You’ll be able to go home when your blood count has gone up and your risk of infection is reduced. You’ll still need a lot of monitoring and will have to come back to the hospital for regular checks.
The first few months out of hospital
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For the first 2–3 months after leaving hospital, you’ll have frequent blood tests to check your blood count.
You may have to take regular doses of several different drugs. Antibiotics, such as co-trimoxazole (Septrin®), and anti-viral drugs, such as aciclovir, may be given to reduce the risk of infection.
Occasionally you may still need to have blood or platelet transfusions. These can usually be given as a day patient.
If you become unwell, you’ll need to go back into hospital. It’s quite common for this to happen once or twice after high-dose treatment. This is not a major setback, although it can be very worrying for you.
It’s very important to take great care of your health during this time. There are a number of possible problems that might occur because your immunity is reduced. Get in touch with your hospital immediately if you have any of the following symptoms:
feeling cold and shivery
a temperature over 37.5°C (99.5°F) for more than two hours
infections (for example, of the skin or mouth)
breathlessness or breathing difficulties, as it’s particularly important to have these symptoms dealt with quickly
feeling sick (nausea) and being sick (vomiting)
cough or cold symptoms.
Very few people have any major problems after leaving hospital. If possible, however, you should have a discussion with your doctor before you leave hospital about what you should do if anything happens that worries you.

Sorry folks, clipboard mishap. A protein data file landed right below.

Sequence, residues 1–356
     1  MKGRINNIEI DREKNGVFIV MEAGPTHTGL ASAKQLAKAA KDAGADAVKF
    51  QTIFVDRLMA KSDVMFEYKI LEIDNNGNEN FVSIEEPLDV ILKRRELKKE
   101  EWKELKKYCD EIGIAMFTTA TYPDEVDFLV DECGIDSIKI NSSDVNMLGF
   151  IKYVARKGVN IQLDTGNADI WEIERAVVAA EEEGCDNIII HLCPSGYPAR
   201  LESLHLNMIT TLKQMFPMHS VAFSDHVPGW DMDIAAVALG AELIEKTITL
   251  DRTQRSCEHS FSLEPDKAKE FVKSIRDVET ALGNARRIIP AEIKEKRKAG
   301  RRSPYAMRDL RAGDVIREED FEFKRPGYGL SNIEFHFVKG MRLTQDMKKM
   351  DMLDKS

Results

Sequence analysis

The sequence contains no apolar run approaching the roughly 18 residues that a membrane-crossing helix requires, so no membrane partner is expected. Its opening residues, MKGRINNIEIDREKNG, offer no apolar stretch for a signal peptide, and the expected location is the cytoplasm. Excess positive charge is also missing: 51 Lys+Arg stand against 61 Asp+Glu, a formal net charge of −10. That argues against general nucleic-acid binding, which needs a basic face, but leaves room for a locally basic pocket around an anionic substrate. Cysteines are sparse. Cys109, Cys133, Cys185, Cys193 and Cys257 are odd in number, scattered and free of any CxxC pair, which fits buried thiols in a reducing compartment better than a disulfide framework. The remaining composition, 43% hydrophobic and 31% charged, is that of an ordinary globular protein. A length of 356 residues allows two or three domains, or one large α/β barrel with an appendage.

You should always carry a 24-hour hospital contact telephone number with you. If you’re worried, you can ring the hospital at any time of day or night to speak to someone who understands the treatment you’ve had. The doctors and nurses where you had your high-dose treatment would rather be contacted unnecessarily than risk you becoming ill at home.
If you feel unwell and are unable to contact the hospital, get someone to take you back to the hospital immediately.
The first three to six months
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After a few months, your immune system will probably have returned to normal, and the bone marrow will be producing blood cells normally. Occasionally this may take a little longer.
You should continue to be careful, and you’ll still have regular check-ups. You’ll have a higher risk of infection than normal and, very occasionally, some people still need blood transfusions. You may be advised to carry a medical alert card in case of an accident.
When you only need occasional blood tests or infusions, your central line will be taken out.
It’s very important to keep in close contact with your doctors and to discuss any problems or worries with them. This can be a difficult time psychologically, both because you’re starting to return to your normal activities and because you’re still unsure about your health in the longer term.
Your weight and strength should gradually start to recover, and you’ll probably be able to return to work during this period.
You’ll need to have regular check-ups to ensure that you remain well and that there’s no evidence that your cancer or leukaemia has come back. Usually these will take the form of a medical examination, a blood test and possibly x-rays. Eventually, as long as you stay well, these will become yearly visits. You should be able to return to a normal way of life without restrictions.
These check-ups can be unsettling. You’ll probably be anxious about whether the treatment has worked. It often makes it easier if you take a relative or friend along for support. The check-ups are a good opportunity to discuss with your doctor any worries or problems you may have.
We have more information about life after high-dose treatment with stem cell support.